Featured image credit: https://lthomason.wordpress.com/2011/03/31/monkey-see-monkey-do-a-devotion/

When talking and teaching Investment 101 to women, I can bet with about 100% certainty that someone in the audience will ask how to get children started down the road to saving and investing. I always respond, “Once you learn, and put what I teach you today into practice, you can show them yourself.” The next question back almost always the same, “Is there another way?” In other words, “Can my children learn this even if I don’t really want to?”

This is actually a very normal comment coming from anyone who is overcoming years of feeling inadequate in this space and who has lived with a lot of negative thoughts around finance from their own parents, society and peers. So here is a really short and much longer answer to “Can my children learn about money and investing even if I don’t really want to?”

Short Answer: Some good news and some bad news.

The good news is that your child can learn anything.

The bad news is that it can take a really long time for your child to get it right.

So my question is this: How long would you like it to take for your child to learn about money? How many mistakes and how much loss would you like your child to go through in life before they become financially literate? How much pain and confusion would you like your child to endure in order to learn financial lessons that for whatever reason have evaded you? And how would you like your child to remember you - As a parent who tried to teach and tried to help or as a parent who felt helpless in this space?

Long Answer: Monkey See, Monkey Do

Jamie Oliver grew up in a pub helping his father as a type of sous chef. That is why Jamie knows how to cook, but in the process I’m sure he sliced open a finger or nicked himself along the way. And I’m sure his father burnt more than one meal in front of young Jamie’s eyes. You have heard of Venus and Serena Williams' father/coach. I would bet that each of those women had a few “I freaking hate tennis” days in their childhood. Notably, their father coached them up to the point he could no longer add value to their games, then he turned it over to other “teachers”.

Other successful people, from Martha Stewart to Steve Jobs often did not learn from their parents but were profoundly motivated internally to teach themselves, and they have been willing to endure a lot for their success (including painful comebacks). So, if your child is not motivated around saving and investing, you probably have no choice but to get comfortable with it and begin with the basics. The basics are a start and can be found in a million blogs and books, mine included, but here is some financial psychology to get you started:

Basic Money Education Ground Rules

1. Make talking about money as banal as talking about preparing dinner.

Great investors do little day-in, day-out investing, they understand the difference between long term investments and timing-dependent speculation. So there should be no rush to shove information down your child's throat or talk about money with hair raising levels of excitement.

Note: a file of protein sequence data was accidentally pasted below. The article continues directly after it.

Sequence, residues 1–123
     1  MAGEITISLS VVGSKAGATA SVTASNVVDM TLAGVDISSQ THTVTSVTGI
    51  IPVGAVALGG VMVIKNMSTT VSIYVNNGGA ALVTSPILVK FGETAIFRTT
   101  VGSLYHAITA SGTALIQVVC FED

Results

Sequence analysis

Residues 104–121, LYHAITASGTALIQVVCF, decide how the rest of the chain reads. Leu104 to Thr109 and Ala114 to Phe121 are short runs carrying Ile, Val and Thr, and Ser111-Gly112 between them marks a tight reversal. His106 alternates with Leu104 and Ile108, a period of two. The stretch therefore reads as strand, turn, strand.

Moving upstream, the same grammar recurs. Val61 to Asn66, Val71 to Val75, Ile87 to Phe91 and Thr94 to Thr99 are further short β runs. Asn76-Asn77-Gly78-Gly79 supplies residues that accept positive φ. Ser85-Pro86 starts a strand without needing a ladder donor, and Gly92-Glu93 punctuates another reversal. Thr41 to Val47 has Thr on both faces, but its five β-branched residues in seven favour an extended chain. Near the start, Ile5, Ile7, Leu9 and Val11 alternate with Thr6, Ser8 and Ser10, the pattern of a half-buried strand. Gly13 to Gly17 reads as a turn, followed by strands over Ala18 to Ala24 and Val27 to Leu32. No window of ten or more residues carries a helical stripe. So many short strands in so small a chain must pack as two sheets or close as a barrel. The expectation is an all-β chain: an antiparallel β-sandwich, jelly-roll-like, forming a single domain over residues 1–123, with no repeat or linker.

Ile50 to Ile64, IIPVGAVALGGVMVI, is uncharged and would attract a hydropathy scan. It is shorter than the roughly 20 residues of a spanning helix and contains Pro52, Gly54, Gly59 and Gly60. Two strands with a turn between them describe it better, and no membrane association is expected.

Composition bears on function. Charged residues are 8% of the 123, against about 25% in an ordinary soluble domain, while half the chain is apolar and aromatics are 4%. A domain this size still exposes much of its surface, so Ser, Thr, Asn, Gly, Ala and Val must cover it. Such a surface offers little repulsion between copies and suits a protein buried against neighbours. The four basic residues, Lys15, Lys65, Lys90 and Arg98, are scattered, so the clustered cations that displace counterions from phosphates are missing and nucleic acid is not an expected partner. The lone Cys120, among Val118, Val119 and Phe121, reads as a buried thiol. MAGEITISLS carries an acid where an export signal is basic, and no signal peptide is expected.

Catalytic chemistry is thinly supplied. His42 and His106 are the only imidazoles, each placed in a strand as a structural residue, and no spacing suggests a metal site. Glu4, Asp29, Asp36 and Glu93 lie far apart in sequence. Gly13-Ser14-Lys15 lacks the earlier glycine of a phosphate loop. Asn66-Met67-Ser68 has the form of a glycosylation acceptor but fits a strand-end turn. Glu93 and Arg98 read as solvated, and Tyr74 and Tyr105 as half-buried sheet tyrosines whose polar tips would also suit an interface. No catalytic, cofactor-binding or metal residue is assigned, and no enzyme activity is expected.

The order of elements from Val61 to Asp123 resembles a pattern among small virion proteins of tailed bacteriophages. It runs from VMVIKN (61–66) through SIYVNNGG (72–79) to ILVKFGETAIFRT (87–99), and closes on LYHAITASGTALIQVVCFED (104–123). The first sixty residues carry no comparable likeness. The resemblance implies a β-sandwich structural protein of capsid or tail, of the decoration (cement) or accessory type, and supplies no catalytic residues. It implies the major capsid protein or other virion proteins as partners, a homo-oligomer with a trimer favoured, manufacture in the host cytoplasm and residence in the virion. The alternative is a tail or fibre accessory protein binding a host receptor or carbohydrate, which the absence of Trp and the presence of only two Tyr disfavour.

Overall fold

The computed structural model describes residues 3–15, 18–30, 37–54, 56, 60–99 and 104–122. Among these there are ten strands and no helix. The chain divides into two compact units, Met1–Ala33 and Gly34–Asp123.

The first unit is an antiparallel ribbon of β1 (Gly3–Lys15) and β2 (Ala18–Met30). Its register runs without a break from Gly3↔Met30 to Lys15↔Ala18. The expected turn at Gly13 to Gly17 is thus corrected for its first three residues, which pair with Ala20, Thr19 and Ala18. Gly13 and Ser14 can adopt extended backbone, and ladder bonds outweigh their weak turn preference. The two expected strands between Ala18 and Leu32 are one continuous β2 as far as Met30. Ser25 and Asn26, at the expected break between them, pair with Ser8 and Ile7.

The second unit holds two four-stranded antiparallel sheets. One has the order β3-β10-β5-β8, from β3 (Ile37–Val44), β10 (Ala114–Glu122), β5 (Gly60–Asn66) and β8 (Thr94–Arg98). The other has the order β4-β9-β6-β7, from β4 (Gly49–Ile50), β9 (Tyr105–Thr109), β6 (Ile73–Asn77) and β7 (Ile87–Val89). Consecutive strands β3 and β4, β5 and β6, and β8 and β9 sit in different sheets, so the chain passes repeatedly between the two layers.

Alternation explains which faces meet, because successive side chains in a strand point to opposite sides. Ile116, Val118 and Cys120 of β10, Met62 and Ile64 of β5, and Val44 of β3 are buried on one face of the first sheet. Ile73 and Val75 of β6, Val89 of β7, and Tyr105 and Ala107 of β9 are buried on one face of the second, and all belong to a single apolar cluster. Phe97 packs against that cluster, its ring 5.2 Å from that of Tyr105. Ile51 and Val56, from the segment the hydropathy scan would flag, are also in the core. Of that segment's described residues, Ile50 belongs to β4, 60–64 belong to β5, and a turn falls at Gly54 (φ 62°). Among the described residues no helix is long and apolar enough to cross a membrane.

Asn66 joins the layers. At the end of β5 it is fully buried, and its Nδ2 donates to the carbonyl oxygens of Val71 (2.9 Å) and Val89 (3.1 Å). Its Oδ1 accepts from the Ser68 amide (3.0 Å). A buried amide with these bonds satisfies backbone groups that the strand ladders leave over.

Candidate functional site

2. Give up the need to be 100% right.

Make peace with the fact that while there are some underlying rules that tend to always apply in money and finance (live below your means, compounding returns, grow your net worth etc) this is not a world that is black and white, but has many shades of grey. So, get comfortable with shades of grey.

3. Get use to saying, “You know, I’m not sure, but I’ll find out, or maybe we can find out together.”

4. Tell your child that this is like building a house and that you are giving them a foundation, and as they grow up and learn more they will need to continue to build their own house.

5. Be aware that too much poorly informed ‘well meaning advice’ is passed on from generation to generation as if it is the word of God carved into stone tablets. These money “scripts” do more damage than good. Hardened rigidity and perfectionism not only makes for a poor investor but for poor teachers and generally unhappy people. Afford your child the means to think flexibly and fluidly around investing.

6. Practice What You Preach or Do Not Preach. Kids understand hypocrisy before they can pronounce the word, so understand your own relationship to money. Most money disorders are born out of anxiety but our coping mechanisms can vary. If you are a hoarder, ask yourself why? If you overspend, figure that out first before you lecture on savings. If you play financial favorites among your children, seek out a therapist and regain your parental boundaries in order to credibly speak about money with authenticity.

And as much as possible, try to live good money habits on a day to day basis.

Andrea Kennedy is a Financial Educator and a Registered Investment Adviser.

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